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Nurturing the democratic debate.  
West African environment ministers want NEPAD to use biosphere reserves as laboratories for sustainable development
Editorial Contact: Amy Otchet: Bureau of Public Information, Editorial Section. Tel: (+33) (0)1 45 68 17 04 - Email

26-01-2004 5:30 pm West Africa’s environment ministers called on the New Partnership for Africa’s Development (NEPAD) to use UNESCO biosphere reserves as laboratories for sustainable development in the region, during a round table held at the Organization’s Headquarters today.

“Concerned by the ongoing environmental degradation and the concomitant increasing poverty across the African continent,” announced the ministers, “we are committed to promoting the use of biosphere reserves as operational sites for sustainable development in the fight against poverty and in implementing the action plan of the Environment Initiative of NEPAD.”

The declaration was made during a round table launching a new project involving UNESCO’s Man and the Biosphere Programme (MAB) and the United Nations Environment Programme. With a budget of more than US$6 million, the new project will combine a range of activities over the next four years to improve the protection and sustainable development of biosphere reserves in West Africa. While compiling an inventory of the reserves’ plants and animals, the project will develop a series of scientific and institutional structures to monitor and manage the environmental impact of human activities (such as agriculture, pastoralism, hunting and fishing). Local communities will also take part in alternative economic initiatives, such as eco-tourism.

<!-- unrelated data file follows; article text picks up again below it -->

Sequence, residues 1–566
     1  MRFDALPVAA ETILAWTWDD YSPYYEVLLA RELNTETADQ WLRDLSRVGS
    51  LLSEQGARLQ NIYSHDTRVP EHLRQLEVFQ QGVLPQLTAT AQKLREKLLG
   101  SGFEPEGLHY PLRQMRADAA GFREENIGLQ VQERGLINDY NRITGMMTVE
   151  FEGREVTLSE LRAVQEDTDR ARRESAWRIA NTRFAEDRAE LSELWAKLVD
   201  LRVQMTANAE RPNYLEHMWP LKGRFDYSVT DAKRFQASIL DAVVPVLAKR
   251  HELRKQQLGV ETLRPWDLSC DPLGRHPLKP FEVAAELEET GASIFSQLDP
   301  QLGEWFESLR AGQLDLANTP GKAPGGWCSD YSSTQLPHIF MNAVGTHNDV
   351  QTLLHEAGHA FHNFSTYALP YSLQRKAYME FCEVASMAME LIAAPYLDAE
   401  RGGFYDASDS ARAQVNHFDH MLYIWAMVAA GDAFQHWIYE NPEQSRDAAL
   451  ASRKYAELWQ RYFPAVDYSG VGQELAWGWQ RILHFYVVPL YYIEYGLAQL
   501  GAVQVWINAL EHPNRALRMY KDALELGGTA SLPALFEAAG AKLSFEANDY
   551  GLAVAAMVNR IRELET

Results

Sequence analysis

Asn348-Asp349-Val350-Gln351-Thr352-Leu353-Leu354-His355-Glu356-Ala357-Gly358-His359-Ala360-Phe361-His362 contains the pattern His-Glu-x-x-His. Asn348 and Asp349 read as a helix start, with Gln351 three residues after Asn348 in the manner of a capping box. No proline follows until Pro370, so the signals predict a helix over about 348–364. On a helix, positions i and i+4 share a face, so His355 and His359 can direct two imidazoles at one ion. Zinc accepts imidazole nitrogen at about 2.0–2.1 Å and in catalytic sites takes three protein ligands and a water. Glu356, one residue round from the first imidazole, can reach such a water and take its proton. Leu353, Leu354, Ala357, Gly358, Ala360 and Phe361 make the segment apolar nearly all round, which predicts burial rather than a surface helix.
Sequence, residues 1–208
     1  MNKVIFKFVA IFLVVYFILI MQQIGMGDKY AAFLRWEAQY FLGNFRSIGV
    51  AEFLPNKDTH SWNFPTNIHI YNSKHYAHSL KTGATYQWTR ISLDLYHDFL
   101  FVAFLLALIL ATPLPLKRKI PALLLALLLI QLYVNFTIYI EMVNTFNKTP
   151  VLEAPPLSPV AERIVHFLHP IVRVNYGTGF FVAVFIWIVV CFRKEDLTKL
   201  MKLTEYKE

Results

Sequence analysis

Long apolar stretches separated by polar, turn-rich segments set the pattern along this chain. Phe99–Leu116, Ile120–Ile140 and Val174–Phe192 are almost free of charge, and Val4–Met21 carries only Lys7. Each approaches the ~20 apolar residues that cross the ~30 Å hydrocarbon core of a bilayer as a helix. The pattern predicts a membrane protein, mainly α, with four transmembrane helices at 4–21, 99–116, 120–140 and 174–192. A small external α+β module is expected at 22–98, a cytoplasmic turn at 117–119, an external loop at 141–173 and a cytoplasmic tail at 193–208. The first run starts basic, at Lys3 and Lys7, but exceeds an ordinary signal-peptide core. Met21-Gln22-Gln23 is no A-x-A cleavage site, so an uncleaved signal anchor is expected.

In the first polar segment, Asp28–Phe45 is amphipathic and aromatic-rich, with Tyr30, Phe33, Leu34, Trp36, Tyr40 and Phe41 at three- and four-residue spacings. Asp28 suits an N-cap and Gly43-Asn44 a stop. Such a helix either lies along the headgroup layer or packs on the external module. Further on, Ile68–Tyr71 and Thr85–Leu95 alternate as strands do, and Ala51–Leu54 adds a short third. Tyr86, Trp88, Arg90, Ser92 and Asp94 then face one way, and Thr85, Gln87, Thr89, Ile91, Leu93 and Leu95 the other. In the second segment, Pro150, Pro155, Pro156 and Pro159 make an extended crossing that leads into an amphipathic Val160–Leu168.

In his remarks at the opening of the round table, UNESCO Director-General Koïchiro Matsuura said that “biosphere reserves constitute perfect field laboratories for implementing the environmental objectives of NEPAD and the World Summit for Sustainable Development (Johannesburg, 2002).”

UNESCO’s biosphere reserves reflect a modern vision of nature conservation which systematically includes human participation, and which attempts to reconcile conservation with sustainable use of natural resources. Long before expressions such as "biodiversity" and "sustainable development" became popular, the first reserves were laying the groundwork in this direction by bringing together conservationists, park rangers, government officials and representatives of local communities for scientific and socio-economic studies and projects. There are now 440 biosphere reserves in 97 countries.

In the declaration, the ministers lauded the new UNESCO-UNEP project, partly financed by the Global Environment Facility, as well as UNESCO’s AfriMAB network, which includes 63 biosphere reserves in 29 African countries. “We invite UNESCO, in particular the MAB Secretariat and its regional offices in Africa, to pursue efforts to reinforce the AfiMAB network.”